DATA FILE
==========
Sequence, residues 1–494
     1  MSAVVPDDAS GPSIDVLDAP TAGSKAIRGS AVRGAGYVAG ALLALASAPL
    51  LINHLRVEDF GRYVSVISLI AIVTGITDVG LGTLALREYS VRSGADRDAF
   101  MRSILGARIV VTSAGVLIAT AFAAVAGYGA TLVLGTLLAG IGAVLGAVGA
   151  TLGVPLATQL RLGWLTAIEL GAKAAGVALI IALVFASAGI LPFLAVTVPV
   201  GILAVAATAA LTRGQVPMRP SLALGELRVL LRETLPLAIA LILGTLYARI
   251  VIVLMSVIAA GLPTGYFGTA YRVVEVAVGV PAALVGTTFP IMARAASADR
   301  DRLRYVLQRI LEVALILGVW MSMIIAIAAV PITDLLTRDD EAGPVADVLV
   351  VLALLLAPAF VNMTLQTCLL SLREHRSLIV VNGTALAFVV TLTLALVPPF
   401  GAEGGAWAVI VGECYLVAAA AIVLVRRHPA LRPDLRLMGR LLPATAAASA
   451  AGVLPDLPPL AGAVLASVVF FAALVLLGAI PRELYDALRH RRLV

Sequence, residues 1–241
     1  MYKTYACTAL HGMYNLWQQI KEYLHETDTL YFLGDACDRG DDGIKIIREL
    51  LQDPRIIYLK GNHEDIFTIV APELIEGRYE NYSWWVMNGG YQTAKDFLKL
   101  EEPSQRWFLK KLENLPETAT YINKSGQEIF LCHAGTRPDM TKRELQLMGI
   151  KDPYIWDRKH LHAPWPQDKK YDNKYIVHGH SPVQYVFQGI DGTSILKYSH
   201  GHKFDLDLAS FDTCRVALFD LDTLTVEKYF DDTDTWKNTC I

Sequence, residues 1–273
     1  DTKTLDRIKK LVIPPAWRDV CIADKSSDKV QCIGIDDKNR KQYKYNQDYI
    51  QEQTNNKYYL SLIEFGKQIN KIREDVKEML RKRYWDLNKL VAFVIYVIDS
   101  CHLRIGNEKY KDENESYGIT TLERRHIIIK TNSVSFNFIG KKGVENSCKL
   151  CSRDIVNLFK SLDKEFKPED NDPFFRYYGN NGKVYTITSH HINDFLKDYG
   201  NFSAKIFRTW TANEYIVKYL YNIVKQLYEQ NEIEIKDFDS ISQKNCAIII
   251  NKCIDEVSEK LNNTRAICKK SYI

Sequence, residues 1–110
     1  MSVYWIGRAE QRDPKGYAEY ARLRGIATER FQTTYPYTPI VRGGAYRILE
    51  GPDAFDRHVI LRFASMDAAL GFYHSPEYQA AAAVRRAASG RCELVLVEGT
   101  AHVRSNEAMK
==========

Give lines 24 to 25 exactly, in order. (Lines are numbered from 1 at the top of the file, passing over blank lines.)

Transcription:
   251  NKCIDEVSEK LNNTRAICKK SYI

Sequence, residues 1–110